New publication: Increasing phenotypic annotation improves the diagnostic rate of exome sequencing in a rare neuromuscular disorder
How can we use phenotypic descriptions to aid genetic diagnosis starting with hundreds of rare variants from next-generation sequencing results? How comprehensively should a doctor annotate a patient’s phenotype to help identify the causative variant? These questions are increasingly relevant for doctors seeing undiagnosed patients, but data showing how phenotypic annotation can be used to assist diagnosis in a real-world situation has until recently been lacking. In our new paper by Thompson et al published this week in Human Mutation, we reanalyse a set of patients already diagnosed with congenital myasthenic syndromes, showing how phenotype captured using the human phenotype ontology (HPO) can be integrated into gene-list filtering methods and how variant prioritisation tools such as Exomiser can be effective in homing in on the correct causative variant. In our restricted set of patients, gene-list filters created using HPO annotations performed similarly to the curated muscle gene table list, while Exomiser ranked the correct causative variant in first position in 90% of cases with seven HPO annotations compared to 62% based on variant data alone. Although we cannot automatically extrapolate these results to other disease areas, they provide a real-world validation of the utility of incorporating phenotype into diagnostic and discovery workflows.
Read an open-access version of the publication at the journal website here.
Thompson, R, Papakonstantinou Ntalis, A, Beltran, S, Töpf, A, de Paula Estephan, E, Polavarapu, K, ‘t Hoen PAC, Missier P, Lochmüller H.
Increasing phenotypic annotation improves the diagnostic rate of exome sequencing in a rare neuromuscular disorder.
Hum. Mutat. 2019.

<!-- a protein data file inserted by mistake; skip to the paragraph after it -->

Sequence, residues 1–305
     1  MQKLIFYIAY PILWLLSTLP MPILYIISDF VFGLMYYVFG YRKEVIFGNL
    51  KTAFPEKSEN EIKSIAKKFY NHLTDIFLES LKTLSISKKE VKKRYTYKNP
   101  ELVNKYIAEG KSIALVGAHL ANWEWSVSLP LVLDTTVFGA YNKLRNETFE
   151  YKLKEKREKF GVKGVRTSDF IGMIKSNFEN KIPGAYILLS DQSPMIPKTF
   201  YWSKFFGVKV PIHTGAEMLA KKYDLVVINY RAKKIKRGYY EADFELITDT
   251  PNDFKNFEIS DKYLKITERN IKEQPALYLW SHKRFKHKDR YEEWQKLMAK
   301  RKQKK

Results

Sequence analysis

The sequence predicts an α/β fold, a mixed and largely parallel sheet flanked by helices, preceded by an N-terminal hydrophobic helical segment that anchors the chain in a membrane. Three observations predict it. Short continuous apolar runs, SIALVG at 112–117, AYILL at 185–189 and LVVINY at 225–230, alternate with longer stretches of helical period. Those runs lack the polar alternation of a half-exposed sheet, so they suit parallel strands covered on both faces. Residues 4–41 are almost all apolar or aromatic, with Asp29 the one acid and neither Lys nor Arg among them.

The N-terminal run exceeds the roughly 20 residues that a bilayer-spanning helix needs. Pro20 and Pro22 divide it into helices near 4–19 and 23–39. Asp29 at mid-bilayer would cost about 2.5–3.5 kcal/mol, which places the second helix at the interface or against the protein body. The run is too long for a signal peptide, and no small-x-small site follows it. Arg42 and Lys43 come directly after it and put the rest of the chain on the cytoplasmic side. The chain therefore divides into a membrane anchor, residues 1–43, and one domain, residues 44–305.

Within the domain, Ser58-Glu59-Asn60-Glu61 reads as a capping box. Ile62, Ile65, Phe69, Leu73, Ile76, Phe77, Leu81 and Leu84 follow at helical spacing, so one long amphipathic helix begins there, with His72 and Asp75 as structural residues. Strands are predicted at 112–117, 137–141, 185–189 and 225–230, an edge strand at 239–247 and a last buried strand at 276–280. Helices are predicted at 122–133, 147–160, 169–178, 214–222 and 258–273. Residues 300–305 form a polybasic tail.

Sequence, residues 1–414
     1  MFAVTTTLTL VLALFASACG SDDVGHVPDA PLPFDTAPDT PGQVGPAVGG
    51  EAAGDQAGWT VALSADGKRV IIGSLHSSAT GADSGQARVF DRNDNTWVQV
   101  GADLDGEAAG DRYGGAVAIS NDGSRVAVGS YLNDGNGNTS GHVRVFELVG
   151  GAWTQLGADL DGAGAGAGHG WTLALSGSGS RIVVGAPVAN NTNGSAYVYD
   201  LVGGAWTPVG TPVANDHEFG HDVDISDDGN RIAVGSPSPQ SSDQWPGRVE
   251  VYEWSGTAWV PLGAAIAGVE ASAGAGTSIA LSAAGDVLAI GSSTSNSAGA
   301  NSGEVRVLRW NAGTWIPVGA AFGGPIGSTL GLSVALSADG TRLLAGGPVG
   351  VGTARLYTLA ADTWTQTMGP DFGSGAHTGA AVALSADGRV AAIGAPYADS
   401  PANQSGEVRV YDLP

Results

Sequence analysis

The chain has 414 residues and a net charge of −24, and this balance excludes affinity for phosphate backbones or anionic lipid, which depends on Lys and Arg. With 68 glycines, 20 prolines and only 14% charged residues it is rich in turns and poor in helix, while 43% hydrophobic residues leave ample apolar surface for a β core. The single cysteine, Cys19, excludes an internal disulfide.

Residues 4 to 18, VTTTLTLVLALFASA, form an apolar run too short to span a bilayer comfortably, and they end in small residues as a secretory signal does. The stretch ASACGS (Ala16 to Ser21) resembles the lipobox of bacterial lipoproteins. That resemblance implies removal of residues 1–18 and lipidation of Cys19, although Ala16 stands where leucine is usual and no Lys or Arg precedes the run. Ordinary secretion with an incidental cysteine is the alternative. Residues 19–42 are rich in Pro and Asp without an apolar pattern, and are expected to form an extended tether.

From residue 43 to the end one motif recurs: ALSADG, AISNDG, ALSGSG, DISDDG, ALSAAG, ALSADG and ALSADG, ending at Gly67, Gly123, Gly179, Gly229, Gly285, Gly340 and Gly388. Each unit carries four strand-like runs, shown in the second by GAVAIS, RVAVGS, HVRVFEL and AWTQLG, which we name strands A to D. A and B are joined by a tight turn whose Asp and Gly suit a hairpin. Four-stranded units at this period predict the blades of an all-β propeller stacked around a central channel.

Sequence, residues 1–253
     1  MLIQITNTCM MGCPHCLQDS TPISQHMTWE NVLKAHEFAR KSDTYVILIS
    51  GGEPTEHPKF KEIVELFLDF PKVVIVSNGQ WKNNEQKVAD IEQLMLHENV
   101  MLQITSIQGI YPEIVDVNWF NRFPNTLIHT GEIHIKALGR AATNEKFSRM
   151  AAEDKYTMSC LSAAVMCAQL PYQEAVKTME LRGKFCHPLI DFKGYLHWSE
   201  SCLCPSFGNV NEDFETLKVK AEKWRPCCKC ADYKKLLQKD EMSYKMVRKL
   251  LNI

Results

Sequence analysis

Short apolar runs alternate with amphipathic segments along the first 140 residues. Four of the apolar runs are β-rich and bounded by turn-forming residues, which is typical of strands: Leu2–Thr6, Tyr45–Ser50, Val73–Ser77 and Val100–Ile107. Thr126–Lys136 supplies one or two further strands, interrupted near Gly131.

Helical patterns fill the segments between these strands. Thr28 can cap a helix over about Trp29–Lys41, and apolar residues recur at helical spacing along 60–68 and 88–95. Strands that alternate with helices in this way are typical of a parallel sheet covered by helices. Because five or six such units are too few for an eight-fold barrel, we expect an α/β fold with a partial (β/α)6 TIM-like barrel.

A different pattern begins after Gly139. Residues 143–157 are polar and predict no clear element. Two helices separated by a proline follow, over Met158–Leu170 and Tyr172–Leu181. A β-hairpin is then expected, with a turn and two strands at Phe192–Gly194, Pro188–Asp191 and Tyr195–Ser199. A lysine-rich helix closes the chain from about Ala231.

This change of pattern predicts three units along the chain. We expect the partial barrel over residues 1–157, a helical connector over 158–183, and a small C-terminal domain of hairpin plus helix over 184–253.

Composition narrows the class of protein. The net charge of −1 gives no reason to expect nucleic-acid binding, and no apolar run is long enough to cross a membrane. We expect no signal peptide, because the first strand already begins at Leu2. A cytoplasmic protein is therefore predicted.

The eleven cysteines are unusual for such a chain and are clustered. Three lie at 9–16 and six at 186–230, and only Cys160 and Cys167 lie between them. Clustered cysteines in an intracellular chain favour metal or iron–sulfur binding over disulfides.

Phenotype-based filtering and prioritization contribute to the interpretation of genetic variants detected in exome sequencing. However, it is currently unclear how extensive this phenotypic annotation should be. In this study, we compare methods for incorporating phenotype into the interpretation process and assess the extent to which phenotypic annotation aids prioritization of the correct variant. Using a cohort of 29 patients with congenital myasthenic syndromes with causative variants in known or newly discovered disease genes, exome data and the Human Phenotype Ontology (HPO)-coded phenotypic profiles, we show that gene-list filters created from phenotypic annotations perform similarly to curated disease-gene virtual panels. We use Exomiser, a prioritization tool incorporating phenotypic comparisons, to rank candidate variants while varying phenotypic annotation. Analyzing 3,712 combinations, we show that increasing phenotypic annotation improved prioritization of the causative variant, from 62% ranked first on variant alone to 90% with seven HPO annotations. We conclude that any HPO-based phenotypic annotation aids variant discovery and that annotation with over five terms is recommended in our context. Although focused on a constrained cohort, this provides real-world validation of the utility of phenotypic annotation for variant prioritization. Further research is needed to extend this concept to other diseases and more diverse cohorts.